Elizabeth Boittiaux’s path to her current role as a program coordinator with LOVE Nova Scotia — a youth support organization now approaching its 21st year in operation — started early, when she was drawn the program as a girl.
“First and foremost, I am a LOVE Kid,” she says now. “I joined LOVE when I was 12 years old in 2003 — and officially they weren’t supposed to let me in until I was 13, but I was a good squeaky wheel.”
When Boittiaux first became involved, the impetus was on creative expression, giving kids a voice. Then called the Photojournalism Program, kids were able to have their photography and writing published and shared with others.
“It was a really safe space for me to learn how to express myself in writing,” Boittiaux remembers. “It was a way to get our work published and out there, our photography and our writing.”
Since then, 16 years since Boittiaux got involved, LOVE has grown and evolved as a youth organization.
These days, LOVE Nova Scotia — now one chapter in a global network of sister programs around the world — looks and functions in a lot of different ways: a twice-a-week youth group; a safe space for expression; a place to go for a guaranteed healthy meal.
Many of the leaders of the program are former LOVE kids themselves — people who came up through the program and who wanted to be a part of leading it for others.
Connecting it all is the idea that LOVE can provide for kids a place to “investigate what’s inside of you,” says senior program coordinator Finley Tolliver.
It’s about momentum, says Tolliver — building it, maintaining it, and directing it toward positive ends. It can mean helping people with small goals — “I’ve never taken the bus before, and I need to take the bus from point A to point B,” — or big ones, like “I’d like to graduate and then go to university,” Tolliver says.
“Totally different viewpoints, but same momentum,” Tolliver says. “It’s really about putting them first, and getting them to put their best foot forward.” What that means is up to them.
In recent years and as COVID winds down, LOVE runs as a twice-a-week meeting at King’s University — a place for kids to go to eat, for one thing, and to have a space where they can be themselves. They are intentionally broad, Boittiaux says, in terms of who can join.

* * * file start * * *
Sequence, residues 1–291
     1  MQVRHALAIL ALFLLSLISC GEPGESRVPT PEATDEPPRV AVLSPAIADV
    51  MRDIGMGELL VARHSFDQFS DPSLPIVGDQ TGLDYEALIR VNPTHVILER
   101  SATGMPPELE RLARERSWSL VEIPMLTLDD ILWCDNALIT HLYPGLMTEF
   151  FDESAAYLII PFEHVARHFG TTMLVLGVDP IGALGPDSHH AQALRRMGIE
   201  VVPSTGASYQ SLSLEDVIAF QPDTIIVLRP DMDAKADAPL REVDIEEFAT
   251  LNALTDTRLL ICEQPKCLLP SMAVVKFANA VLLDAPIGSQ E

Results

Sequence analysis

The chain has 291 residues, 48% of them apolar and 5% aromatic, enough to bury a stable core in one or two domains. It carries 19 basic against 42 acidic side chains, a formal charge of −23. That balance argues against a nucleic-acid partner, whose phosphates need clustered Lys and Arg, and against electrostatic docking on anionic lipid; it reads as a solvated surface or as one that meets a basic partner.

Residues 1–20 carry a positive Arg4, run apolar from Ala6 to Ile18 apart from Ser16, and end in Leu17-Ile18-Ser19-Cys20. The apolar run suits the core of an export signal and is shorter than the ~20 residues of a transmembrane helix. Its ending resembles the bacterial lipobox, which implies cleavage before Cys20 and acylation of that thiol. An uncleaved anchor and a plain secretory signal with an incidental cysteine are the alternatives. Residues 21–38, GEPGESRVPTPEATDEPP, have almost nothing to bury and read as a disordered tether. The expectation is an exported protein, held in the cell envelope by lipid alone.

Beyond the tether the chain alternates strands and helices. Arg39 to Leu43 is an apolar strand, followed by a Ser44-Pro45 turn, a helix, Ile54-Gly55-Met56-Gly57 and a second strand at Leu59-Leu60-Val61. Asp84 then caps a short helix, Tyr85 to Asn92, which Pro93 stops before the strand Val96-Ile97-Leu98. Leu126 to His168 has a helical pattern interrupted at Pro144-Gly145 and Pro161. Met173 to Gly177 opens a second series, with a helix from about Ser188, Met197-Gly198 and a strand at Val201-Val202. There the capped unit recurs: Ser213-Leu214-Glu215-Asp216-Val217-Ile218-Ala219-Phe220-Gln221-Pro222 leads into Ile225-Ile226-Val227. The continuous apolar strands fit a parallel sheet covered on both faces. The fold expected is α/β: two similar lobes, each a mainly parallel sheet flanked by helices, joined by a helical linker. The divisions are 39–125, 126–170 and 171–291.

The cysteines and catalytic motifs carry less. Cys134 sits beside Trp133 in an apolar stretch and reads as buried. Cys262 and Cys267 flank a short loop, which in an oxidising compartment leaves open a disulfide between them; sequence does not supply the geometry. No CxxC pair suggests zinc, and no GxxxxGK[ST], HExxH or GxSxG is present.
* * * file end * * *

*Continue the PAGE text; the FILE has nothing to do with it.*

“A LOVE kid is a kid that doesn’t feel like they are really a part of anything,” she says. “A LOVE kid is the wandering soul, the people out there that are dealing with anything where you might say, ‘that’s shitty to deal with.’ That’s a LOVE kid.”
“There’s not a kid on this earth that hasn’t doubted themselves, that has all the answers,” Tolliver says. “Whether they are coming from a wealthy background to an impoverished one, everyone’s trying to question who they are, what they can do in this world, and how they can be better.”
Food, Tolliver says, has always been a part of it. During COVID, when providing a hot meal in one location wasn’t possible, he would drive around with Sobeys gift cards to make sure people had the means to get themselves something to eat.
When everyone else was trying to move to Zoom, the kids with LOVE Nova Scotia put together a group on Snapchat to keep in touch with phone calls and vide chats, to have a low-pressure place to talk. The sum of all of it, Boittiaux says, is that it provides a support structure.
“When I was in LOVE, I would call [executive director Dennis Adams] for things ranging from, ‘I want to jump off the bridge’ to, ‘I’m at school and I haven’t had lunch all week,’” Boittiaux says. “The reason I talk to my kids two times a week on the phone is, if they ever have that going on, I’m the person to call. I want them to know, ‘OK, Liz is going to answer the phone.'”
But that could only go so far. Tolliver says the reality for many kids is being stuck at home simply made things harder and more dangerous, both because the isolation could wear on people, and because home life is often the source of fear in the first place. For all their success in staying connected through the pandemic, it was still a deeply traumatic and isolating experience for many kids.
“It became really, really tough to run the program, and to have youth talk so openly about who they were,” Tolliver says. “I had a youth whisper they were checking the door as they were talking to me, because they were afraid of the threat that it would impose. So we quickly realized, you can’t share this here. … That was tough.”
But as the province enters Phase 5, it’s allowing LOVE to resume its usual programming and shift out of pandemic mode.
The light at the end of the tunnel has been getting brighter as the group looks forward to being together in the same room again — to recreate a safe space in the flesh as opposed to virtually. And now with vaccination rates up, it is getting back to doing what it's waited so long to do.
“We are waiting to hear that the doors are opening, and once that happens, we can hit the ground running, Tuesday and Thursday, all the way up to Christmas,” Boittiaux says.
“All our kids are waiting. We have our Halloween party planned; we have our Christmas party planned. We’ve got everything ready to go, we’re just waiting for doors to open.”